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Ross Sea threatened by another fishing vessel disaster


Ross Sea threatened by another fishing vessel disaster

The Korean fishing vessel on fire (the Jung Woo 2) is the second fishing vessel in trouble this season in the special Ross Sea area of Antarctica say the Environment and Conservation Organisations of NZ (ECO).

Fishing in the Ross Sea is inherently risky because of the ice conditions and both the environment and the fishing crews are being put at risk, says ECO Co-Chair Cath Wallace. “This is an area that has been marked out by the international community for particular protection.”

“This is the third vessel in serious trouble in the Ross Sea in two years.”

Cath Wallace said the Korean vessel is fishing for toothfish, a high market value species sold to wealthy people eating at restaurants in the USA. “Fishing crews are being put at extreme risk from fishing in extreme conditions.”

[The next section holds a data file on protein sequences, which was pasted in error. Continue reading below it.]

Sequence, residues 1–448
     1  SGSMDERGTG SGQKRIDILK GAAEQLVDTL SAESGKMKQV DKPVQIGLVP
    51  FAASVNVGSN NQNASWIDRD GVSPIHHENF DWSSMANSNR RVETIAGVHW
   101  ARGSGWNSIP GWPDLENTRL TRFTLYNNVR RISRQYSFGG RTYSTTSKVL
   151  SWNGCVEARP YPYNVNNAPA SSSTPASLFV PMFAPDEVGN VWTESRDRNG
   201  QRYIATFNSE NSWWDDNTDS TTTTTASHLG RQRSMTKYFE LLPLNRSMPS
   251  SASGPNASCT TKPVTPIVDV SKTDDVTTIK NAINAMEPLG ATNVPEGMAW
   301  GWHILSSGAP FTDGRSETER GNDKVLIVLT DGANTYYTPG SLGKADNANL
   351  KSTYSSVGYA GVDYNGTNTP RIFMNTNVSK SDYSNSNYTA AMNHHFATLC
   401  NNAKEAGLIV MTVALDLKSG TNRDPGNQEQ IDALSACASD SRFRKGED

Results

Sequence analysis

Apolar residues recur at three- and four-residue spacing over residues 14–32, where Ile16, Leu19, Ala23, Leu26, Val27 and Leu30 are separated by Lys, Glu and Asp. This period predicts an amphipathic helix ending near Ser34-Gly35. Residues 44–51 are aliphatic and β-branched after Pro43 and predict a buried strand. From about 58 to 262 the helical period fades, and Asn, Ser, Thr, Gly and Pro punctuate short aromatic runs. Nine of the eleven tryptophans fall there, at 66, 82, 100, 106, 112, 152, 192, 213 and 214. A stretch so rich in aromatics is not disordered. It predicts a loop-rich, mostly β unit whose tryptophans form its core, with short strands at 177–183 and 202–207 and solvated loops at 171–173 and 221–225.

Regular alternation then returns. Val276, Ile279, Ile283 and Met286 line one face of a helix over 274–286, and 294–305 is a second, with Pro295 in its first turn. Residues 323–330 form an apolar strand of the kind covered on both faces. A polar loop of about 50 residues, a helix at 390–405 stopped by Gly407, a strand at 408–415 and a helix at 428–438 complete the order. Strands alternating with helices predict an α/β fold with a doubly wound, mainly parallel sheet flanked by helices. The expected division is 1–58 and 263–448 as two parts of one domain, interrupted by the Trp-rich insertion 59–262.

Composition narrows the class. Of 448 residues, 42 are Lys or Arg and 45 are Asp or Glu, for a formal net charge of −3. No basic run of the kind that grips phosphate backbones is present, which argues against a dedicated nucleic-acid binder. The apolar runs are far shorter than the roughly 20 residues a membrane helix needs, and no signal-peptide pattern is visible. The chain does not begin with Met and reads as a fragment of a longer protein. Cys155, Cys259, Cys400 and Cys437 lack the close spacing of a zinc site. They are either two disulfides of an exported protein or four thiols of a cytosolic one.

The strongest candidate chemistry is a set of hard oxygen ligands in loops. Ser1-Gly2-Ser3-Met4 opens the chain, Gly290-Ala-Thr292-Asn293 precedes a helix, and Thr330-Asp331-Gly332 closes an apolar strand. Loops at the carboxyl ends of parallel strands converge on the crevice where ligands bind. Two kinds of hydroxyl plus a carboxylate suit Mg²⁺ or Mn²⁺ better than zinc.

The Ross Sea has been identified by several international processes as one of the last largely intact large ocean ecosystems that needs protection. Both the Antarctic Treaty System’s Commission for the Conservation of Antarctic Marine Living Resources (CCAMLR) and the IUCN, the global body for conservation have identified the Ross Sea as needing protection. It is time this protection was provided, said Barry Weeber for ECO.

Cath Wallace said removing the toothfish is unbalancing the ecosystem and is putting the Ross Sea at risk from inevitable marine accidents. “The international community would be much better served if the Ross Sea were protected and the natural values given priority over market values.”

Companies fish in the Ross Sea for a couple of months a year but the crews, the environment and the Search and Rescue authorities carry the risks. It is dreadful that three crew are missing and that others were at risk on this boat.

For the second time in a season New Zealand search and rescue authorities are having to mobilise to help fishing crews in the Ross Sea where New Zealand. The risks and losses do not stack up when you consider the value of human life and the environment, said Cath Wallace of ECO.
ends

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